Dr Eva Feredoes presents Stimulating thoughts: using magnets and electricity to explore how our brains work
Cognitive neuroscience is concerned with understanding what goes on inside our head in order to understand behaviours such as perception, memory, emotions, problem-solving etc. We have many sophisticated tools at our disposal, to visualise and manipulate the workings of the brain. One powerful set of techniques, known as neurostimulation, allows us to apply electric currents or magnetic fields to specific parts of the brain to change how they function, and then to view the effects of such manipulation on behaviour. In the right hands, we can make definitive statements on many brain behaviours, for example, how our brains try to protect short-term memories from being rapidly forgotten (my area of research). The hope is that by understanding the brain mechanisms underlying cognitive functions, we’ll be able to improve them in both normal healthy brains, and in disease states.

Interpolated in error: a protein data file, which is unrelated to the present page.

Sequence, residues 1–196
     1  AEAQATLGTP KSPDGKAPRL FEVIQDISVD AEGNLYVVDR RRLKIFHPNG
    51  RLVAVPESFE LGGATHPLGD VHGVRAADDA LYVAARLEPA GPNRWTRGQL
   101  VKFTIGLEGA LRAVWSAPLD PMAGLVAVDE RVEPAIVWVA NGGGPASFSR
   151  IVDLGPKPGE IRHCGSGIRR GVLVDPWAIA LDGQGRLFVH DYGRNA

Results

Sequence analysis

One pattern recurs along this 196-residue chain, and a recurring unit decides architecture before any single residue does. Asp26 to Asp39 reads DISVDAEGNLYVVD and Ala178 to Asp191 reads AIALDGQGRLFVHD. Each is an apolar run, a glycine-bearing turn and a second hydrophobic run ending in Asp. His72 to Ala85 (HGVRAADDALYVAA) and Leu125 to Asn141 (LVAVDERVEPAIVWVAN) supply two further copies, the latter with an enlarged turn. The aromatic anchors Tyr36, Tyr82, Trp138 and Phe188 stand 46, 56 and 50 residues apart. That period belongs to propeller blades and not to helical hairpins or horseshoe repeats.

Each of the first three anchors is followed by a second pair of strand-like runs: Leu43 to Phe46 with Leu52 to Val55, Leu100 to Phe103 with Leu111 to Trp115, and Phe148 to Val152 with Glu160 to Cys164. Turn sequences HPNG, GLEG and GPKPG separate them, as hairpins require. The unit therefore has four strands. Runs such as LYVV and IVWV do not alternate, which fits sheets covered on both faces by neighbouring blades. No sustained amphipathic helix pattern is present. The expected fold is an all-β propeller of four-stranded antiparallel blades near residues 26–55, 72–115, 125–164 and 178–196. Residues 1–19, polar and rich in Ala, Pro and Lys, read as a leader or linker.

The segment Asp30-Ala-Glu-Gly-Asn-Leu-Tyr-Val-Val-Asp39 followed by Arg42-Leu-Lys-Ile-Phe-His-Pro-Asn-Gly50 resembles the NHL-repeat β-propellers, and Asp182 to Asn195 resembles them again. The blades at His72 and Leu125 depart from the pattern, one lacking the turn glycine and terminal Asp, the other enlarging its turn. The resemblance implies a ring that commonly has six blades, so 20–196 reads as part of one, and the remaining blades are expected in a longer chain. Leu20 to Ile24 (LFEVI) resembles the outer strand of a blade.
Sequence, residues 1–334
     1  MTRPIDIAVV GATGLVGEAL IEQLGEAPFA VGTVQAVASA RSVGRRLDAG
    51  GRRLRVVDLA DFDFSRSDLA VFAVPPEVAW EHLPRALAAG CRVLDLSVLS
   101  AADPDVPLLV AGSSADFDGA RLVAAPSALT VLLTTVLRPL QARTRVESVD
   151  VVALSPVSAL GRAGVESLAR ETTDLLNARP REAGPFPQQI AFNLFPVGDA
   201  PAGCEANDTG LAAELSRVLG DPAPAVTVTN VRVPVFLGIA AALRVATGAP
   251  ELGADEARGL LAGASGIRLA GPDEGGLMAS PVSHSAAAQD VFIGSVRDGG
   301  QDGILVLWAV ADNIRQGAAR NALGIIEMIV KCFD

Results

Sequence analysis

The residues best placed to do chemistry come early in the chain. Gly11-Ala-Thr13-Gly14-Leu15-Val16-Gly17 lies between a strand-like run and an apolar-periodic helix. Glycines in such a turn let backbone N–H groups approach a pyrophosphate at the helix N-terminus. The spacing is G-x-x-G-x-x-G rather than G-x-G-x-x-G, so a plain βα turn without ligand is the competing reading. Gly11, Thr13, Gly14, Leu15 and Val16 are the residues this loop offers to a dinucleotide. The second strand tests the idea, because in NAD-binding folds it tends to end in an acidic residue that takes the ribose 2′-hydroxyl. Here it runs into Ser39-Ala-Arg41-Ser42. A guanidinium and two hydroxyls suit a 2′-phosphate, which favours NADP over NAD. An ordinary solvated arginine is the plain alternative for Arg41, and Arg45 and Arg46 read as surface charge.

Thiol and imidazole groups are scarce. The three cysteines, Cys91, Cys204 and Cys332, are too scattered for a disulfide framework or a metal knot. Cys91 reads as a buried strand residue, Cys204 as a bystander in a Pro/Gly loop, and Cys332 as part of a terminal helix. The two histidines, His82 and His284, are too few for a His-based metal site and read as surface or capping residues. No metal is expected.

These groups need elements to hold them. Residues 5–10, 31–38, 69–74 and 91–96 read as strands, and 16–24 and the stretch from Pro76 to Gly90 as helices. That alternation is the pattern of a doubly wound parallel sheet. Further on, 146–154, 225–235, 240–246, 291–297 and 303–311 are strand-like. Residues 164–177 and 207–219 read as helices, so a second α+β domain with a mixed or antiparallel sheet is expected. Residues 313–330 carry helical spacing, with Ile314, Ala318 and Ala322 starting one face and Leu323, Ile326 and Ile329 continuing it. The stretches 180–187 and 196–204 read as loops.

Eva Feredoes is a Lecturer in Cognitive Neuroscience, in the School of Psychology and Clinical Language Sciences at the University of Reading. She is interested in how short-term memory is achieved by the brain, in the hope of being able to improve her own ability to remember people’s names. She uses cutting-edge investigative techniques such as functional magnetic resonance imaging, transcranial magnetic stimulation and transcranial direct current stimulation, in order to peer inside heads and manipulate brain areas. She is also quite a nice person.
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